Breaking down application boundaries

Android breaks down the barriers to building new and innovative applications. For example, a developer can combine information from the web with data on an individual's mobile phone -- such as the user's contacts, calendar, or geographic location -- to provide a more relevant user experience. With Android, a developer could build an application that enables users to view the location of their friends and be alerted when they are in the vicinity giving them a chance to connect.

Fast & easy application development

Android provides access to a wide range of useful libraries and tools that can be used to build rich applications. For example, Android enables developers to obtain the location of the device, and allows devices to communicate with one another enabling rich peer-to-peer social applications. In addition, Android includes a full set of tools that have been built from the ground up alongside the platform providing developers with high productivity and deep insight into their applications." (

Android ranks very low on the Open Governance Index

Liz Laffan:

"Android ranks as the most closed project we examined, with an Open Governance Index score of 23%. Yet, at the same time, it is one of the most successful projects in the history of open source. Is Android proof that open governance is not needed to warrant success in an open source project?

Android’s success has little to do with the open source licensing of the public codebase. Android would not have risen to its current ubiquity were it not for Google’s financial muscle and famed engineering team. Development of the Android platform has occurred without the need for external developers or the involvement of a commercial community.

Google has provided Android at “less than zero” cost, since its core business is not software or search, but driving ads to eyeballs. As is now well understood, Google’s strategy has been to subsidize Android such that it can deliver cheap handsets and low-cost wireless Internet access in order to drive more eyeballs to Google’s ad inventory.

More importantly, Android would not have risen were it not for the billions of dollars that OEMs and network operators poured into Android in order to compete with Apple’s iconic devices. As Stephen Elop, CEO of Nokia, said at the Open Mobile Summit in June, 2011, “Apple created the conditions necessary for Android”.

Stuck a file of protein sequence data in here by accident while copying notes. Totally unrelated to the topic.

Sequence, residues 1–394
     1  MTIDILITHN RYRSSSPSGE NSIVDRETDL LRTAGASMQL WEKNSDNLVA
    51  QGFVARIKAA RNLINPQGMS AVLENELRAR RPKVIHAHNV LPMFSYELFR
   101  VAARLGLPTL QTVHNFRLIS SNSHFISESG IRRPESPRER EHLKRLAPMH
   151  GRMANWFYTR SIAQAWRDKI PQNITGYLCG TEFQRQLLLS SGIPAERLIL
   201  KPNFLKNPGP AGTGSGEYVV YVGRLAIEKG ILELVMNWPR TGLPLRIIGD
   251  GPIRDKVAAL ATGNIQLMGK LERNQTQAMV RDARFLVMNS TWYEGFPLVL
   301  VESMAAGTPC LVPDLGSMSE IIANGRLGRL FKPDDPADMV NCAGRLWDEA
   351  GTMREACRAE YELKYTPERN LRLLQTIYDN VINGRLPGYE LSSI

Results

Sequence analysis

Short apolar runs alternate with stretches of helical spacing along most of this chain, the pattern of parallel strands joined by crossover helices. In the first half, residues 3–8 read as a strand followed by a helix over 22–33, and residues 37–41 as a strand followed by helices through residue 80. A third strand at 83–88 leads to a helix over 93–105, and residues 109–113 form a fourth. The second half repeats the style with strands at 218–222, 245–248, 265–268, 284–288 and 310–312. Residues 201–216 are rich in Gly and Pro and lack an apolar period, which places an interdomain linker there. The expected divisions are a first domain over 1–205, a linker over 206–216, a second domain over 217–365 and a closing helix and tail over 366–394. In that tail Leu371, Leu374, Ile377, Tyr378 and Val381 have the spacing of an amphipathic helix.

However, there are some very good lessons to learn from Google’s management of the Android open source project. First, Android was released as an open source project at a point in time where it was already a very advanced, complete project. OEMs, operators, and software developers could more or less immediately use it to create derivative handsets and applications. Second, Google kickstarted a developer buzz around the project with the $10 million Android Developers Challenge. Alongside financial incentives, Google sent an alluring message by opening application development within a previously inaccessible mobile industry. Finally, Google’s speed of innovation (e.g., five platform versions were released in 2010) outpaces any external innovation and makes the ecosystem entirely reliant on Google." (


Analysis of its importance

Stephen Walli:

"Google led the formation of the Open Handset Alliance to collaborate on developing a Linux-based royalty-free development platform (operating system and middleware) for mobile handsets. This culminated in the release of the Android mobile software platform as OSS in October 2008, and was shortly followed by the Android Market as a distribution mechanism for Android-based applications. Like Apple, Google is forming a developer community around Android and wants to set up the Android Market as the marketplace for developers and consumers to meet.

Google wants to drive Android application development that uses Google services in order to grow their ad revenue as the mobile web comes into its own. They are providing the necessary focus around which the handset manufacturers, mobile network operators, and related OEMs can collaborate. Based on their own open source experiences, they are also providing the necessary architecture for participation required for a successful open source community to develop.

Android is likely to face two key challenges. First, Google is not an operating system company. They don't necessarily have the experience and resources to meet the calendar demands the handset manufacturers have for regular releases, something that Symbian has traditionally done well. Second, while it makes sense from Google's perspective to drive mobile application development around their services, the rest of the world may not feel that way and have their own, possibly competing, perspectives.